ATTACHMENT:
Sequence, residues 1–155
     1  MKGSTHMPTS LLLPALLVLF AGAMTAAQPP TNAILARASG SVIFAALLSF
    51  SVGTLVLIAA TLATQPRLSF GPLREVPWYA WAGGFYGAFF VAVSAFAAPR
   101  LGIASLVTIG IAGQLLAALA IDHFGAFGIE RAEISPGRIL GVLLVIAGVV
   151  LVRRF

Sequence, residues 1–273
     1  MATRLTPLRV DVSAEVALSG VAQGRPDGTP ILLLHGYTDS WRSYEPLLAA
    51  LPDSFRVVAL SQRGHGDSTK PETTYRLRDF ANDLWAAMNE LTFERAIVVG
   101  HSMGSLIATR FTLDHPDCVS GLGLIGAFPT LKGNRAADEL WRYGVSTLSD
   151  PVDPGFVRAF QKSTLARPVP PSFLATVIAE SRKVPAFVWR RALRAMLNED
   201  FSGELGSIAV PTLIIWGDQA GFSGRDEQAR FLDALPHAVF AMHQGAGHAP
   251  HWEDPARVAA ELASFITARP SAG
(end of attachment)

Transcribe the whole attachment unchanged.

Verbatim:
Sequence, residues 1–155
     1  MKGSTHMPTS LLLPALLVLF AGAMTAAQPP TNAILARASG SVIFAALLSF
    51  SVGTLVLIAA TLATQPRLSF GPLREVPWYA WAGGFYGAFF VAVSAFAAPR
   101  LGIASLVTIG IAGQLLAALA IDHFGAFGIE RAEISPGRIL GVLLVIAGVV
   151  LVRRF

Sequence, residues 1–273
     1  MATRLTPLRV DVSAEVALSG VAQGRPDGTP ILLLHGYTDS WRSYEPLLAA
    51  LPDSFRVVAL SQRGHGDSTK PETTYRLRDF ANDLWAAMNE LTFERAIVVG
   101  HSMGSLIATR FTLDHPDCVS GLGLIGAFPT LKGNRAADEL WRYGVSTLSD
   151  PVDPGFVRAF QKSTLARPVP PSFLATVIAE SRKVPAFVWR RALRAMLNED
   201  FSGELGSIAV PTLIIWGDQA GFSGRDEQAR FLDALPHAVF AMHQGAGHAP
   251  HWEDPARVAA ELASFITARP SAG